8 Nov 2019

A Brief Essay Regarding Epic Fantasy

Hello readers!

Today I am sharing a brief essay (or perhaps “musing” is a more accurate description) regarding some trends I’ve observed in the epic fantasy genre over the past couple of years. Although Fallen Love is an urban fantasy novel, my first novel, the Necromancer, was definitely in this genre. It’s still my all-time favourite genre, as both reader and writer, and one I care very deeply about.

Thinking Big and Small

One of the trends I’ve observed in many epic fantasy books over the years is a tendency to go bigger and bigger: the world has to be bigger, the plot lines must be increasingly far-fetched, and the characters have to be bigger to accomodate the increase in bigness. Likewise, the word count of many epic fantasy books is becoming increasingly ridiculous—well-established authors are the big culprits, but even less well-known authors write manuscripts in excess of 150,000 words.

Guys, it’s time to dial it down a bit. Writing a 6-book series at 150,000 words a pop isn’t going to produce a better story. The great Scottish poet Robert Burns was praised for his ability to capture everything from the magnificence of a landscape, to the relationship between husbands and wives, all the way down to the life of a mouse—in only a handful of words. This is something that, as fantasy authors, we should try to emulate.

I’m not saying epic fantasy shouldn’t contain great battles, mighty dragons, or terrifying dark wizards. It wouldn’t be epic fantasy if it didn’t have the magic ingredients. But I also want to read about the little things in life—the wonder of a young boy as he discovers magic; a sweet romance; or the snappy comeback of an annoyed teenager. Heck, I even enjoy seeing the occasional joke in a fantasy book.

Speaking of Jokes...

Seriously, why is fantasy so dark these days? I enjoy a well-written grimdark novel as much as the next dude, but I also want to read fantasy that doesn’t take itself too seriously. Not in the sense that it can’t be serious literature—I do want to read about death, loss, politics, love and hope—but in the sense that it doesn’t have to show us gore, profanity, and bad sex to do it. (I enjoy a book with good, passionate sex in it, which is rare in an epic fantasy novel.)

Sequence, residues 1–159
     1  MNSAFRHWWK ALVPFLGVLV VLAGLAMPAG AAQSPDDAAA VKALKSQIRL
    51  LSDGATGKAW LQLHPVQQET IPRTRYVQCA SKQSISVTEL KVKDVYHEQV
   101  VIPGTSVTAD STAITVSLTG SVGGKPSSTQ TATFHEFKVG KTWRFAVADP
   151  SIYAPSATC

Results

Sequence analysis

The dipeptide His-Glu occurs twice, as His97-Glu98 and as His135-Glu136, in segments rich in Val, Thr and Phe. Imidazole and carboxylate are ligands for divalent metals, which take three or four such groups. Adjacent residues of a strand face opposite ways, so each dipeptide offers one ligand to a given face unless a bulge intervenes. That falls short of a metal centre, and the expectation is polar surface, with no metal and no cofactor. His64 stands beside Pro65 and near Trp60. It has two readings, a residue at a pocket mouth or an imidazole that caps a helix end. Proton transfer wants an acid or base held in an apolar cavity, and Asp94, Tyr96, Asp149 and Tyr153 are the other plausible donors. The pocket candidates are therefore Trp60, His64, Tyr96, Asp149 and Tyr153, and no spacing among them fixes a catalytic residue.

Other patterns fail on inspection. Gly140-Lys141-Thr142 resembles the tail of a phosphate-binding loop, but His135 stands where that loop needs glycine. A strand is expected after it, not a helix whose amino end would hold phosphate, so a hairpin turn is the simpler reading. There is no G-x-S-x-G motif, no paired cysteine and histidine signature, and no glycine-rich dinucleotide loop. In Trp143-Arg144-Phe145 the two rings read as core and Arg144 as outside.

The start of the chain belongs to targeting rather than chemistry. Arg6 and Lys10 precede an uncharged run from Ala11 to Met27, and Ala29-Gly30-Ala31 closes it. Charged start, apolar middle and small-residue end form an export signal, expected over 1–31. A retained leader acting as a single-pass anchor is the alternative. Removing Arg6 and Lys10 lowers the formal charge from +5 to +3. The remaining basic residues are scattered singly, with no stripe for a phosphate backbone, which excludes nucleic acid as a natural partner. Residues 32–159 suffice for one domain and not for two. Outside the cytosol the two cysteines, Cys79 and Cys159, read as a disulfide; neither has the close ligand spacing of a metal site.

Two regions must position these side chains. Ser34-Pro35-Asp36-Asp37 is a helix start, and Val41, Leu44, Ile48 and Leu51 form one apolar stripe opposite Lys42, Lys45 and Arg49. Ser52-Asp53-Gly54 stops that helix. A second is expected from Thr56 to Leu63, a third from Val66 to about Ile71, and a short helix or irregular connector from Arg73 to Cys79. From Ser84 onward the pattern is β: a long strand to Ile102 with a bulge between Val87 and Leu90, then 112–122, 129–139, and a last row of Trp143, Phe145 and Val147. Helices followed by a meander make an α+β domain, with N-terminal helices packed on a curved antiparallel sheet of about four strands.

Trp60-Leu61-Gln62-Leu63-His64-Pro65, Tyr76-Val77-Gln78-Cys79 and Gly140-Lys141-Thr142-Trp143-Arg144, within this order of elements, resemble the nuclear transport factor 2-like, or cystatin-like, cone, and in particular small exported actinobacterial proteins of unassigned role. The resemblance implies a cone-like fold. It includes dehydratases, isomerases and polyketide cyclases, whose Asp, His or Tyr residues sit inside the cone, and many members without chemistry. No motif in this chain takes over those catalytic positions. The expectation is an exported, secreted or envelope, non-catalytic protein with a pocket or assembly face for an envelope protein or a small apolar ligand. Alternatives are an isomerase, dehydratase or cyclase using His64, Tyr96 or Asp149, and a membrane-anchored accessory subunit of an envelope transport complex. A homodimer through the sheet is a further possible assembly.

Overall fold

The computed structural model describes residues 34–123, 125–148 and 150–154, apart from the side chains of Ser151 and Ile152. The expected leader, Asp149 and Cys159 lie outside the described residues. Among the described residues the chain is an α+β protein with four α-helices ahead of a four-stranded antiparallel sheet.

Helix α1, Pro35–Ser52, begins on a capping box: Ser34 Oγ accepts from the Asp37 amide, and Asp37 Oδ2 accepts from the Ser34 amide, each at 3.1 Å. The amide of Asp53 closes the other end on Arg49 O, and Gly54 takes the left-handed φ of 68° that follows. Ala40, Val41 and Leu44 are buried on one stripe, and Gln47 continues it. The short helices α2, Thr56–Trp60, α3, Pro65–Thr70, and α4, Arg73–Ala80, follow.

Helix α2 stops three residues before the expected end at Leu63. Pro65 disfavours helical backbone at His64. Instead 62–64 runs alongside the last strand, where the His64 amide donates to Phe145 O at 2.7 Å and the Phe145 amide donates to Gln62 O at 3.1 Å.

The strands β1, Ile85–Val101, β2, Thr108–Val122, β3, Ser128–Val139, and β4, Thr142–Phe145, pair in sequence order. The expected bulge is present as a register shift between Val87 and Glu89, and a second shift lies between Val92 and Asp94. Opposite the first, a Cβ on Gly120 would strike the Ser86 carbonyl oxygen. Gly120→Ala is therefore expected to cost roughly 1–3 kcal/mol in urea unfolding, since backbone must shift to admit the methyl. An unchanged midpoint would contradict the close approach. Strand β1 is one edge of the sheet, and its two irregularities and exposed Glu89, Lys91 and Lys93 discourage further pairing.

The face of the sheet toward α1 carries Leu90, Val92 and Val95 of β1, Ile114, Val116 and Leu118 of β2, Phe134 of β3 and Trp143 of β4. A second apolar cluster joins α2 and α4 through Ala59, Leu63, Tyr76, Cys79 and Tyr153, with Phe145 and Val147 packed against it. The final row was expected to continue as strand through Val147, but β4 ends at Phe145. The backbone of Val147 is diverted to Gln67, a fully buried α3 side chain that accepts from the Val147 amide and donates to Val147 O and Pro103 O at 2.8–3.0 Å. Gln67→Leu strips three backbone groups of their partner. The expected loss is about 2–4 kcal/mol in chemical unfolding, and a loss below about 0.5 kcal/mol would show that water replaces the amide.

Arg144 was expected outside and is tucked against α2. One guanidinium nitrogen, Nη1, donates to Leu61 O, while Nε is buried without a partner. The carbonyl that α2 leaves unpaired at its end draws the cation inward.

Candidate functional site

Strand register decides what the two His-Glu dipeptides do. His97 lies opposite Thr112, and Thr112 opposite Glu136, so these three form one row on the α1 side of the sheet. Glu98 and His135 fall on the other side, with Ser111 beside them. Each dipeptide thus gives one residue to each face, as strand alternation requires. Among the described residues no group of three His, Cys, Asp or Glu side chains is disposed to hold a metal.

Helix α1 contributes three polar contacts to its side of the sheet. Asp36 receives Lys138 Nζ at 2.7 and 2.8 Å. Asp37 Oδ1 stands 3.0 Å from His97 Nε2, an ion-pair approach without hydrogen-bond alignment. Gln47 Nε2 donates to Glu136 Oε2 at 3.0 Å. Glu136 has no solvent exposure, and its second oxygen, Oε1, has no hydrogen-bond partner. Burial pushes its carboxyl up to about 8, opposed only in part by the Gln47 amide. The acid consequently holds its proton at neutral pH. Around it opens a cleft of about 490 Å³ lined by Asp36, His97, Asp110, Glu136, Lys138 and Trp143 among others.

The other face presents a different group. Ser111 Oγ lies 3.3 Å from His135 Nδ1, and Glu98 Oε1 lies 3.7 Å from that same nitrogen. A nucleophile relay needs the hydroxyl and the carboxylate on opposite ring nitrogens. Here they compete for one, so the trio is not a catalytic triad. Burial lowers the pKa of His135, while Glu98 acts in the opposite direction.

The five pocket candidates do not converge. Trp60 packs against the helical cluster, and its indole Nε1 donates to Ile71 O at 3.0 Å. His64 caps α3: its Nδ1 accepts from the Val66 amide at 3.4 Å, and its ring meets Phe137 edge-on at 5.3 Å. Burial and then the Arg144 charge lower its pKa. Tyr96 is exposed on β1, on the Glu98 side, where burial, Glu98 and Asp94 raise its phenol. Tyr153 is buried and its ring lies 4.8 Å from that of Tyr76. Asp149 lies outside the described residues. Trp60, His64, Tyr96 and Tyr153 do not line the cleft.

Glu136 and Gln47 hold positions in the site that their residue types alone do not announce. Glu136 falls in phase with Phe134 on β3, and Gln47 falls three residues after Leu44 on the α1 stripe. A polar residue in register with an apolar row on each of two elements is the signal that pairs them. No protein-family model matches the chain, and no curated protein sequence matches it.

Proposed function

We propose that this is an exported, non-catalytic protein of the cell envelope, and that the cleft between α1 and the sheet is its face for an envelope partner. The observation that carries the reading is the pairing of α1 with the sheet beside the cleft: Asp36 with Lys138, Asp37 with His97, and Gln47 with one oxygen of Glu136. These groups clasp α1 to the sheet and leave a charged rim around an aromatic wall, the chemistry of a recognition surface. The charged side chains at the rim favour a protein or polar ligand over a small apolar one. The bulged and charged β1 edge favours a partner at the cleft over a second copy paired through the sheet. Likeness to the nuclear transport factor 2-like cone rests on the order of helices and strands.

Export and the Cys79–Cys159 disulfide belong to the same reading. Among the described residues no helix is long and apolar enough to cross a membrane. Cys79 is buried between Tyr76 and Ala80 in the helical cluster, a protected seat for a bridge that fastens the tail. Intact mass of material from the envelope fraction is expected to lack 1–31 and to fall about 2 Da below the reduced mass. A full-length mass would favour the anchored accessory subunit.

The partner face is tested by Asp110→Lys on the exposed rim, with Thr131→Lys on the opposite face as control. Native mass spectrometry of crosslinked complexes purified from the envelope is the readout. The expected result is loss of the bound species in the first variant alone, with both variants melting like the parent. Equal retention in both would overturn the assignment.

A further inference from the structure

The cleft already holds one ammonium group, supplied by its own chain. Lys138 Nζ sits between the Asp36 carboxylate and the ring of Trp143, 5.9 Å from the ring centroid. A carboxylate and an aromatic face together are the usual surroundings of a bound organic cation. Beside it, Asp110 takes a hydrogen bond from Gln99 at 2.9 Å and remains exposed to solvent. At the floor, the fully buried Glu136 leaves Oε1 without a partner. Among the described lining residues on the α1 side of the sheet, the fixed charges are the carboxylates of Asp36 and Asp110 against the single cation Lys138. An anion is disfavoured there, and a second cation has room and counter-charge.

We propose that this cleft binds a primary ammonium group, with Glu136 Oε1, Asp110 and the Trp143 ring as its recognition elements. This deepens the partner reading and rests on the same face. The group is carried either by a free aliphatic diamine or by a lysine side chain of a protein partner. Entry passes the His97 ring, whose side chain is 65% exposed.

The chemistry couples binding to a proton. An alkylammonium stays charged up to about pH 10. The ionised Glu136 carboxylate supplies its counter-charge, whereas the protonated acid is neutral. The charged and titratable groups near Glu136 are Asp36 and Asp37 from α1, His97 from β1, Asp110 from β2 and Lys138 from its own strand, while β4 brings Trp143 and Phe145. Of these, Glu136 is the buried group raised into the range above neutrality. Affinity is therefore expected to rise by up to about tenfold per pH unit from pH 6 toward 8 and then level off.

Heroes and anti-heroes

This is another area where epic fantasy needs to wake up and do something different. The first fantasy books—ye olde fantasy by the likes of Tolkien, Le Guin, later Eragon and the Belgariad—popularised the trope of the hero. This hero is male (nearly always), young-ish, and a do-gooder.

Then a new wave of fantasy came along. The old heroes were deemed “cliché”, and they invented the anti-hero in his stead. The anti-hero is usually male, but sometimes female. The men are rough, violent, and not afraid of a little dirty work; the women are usually dagger- or magic-wielding super-assassins (yes, I’m looking at you, Mark Lawrence). The anti-hero can be found in most of today’s grimdark books by the likes of Joe Abercrombie, Richard K Morgan, and GRR Martin.

The anti-hero has become even more of a cliché than the hero was, I would argue. Or at least, the anti-heroes are not always as interesting as they are supposed to be. They suffer from the same problem as the heroes: lack of variety. The anti-heroes nearly always seem to be manly warriors or femme-fatales, and to my mind there are a lot of unexplored possibilities. What about dark magicians trying to do the right thing? Strong kings who gained their power through violence, but have to try and unite the nation against a much greater outside evil? What about arrogant elves who end up trying to save humans? Rebellious angels?

Show us imagination

This is my conclusion, and my advice to fellow fantasy writers: fantasy is about imagination. Let’s see more of it!

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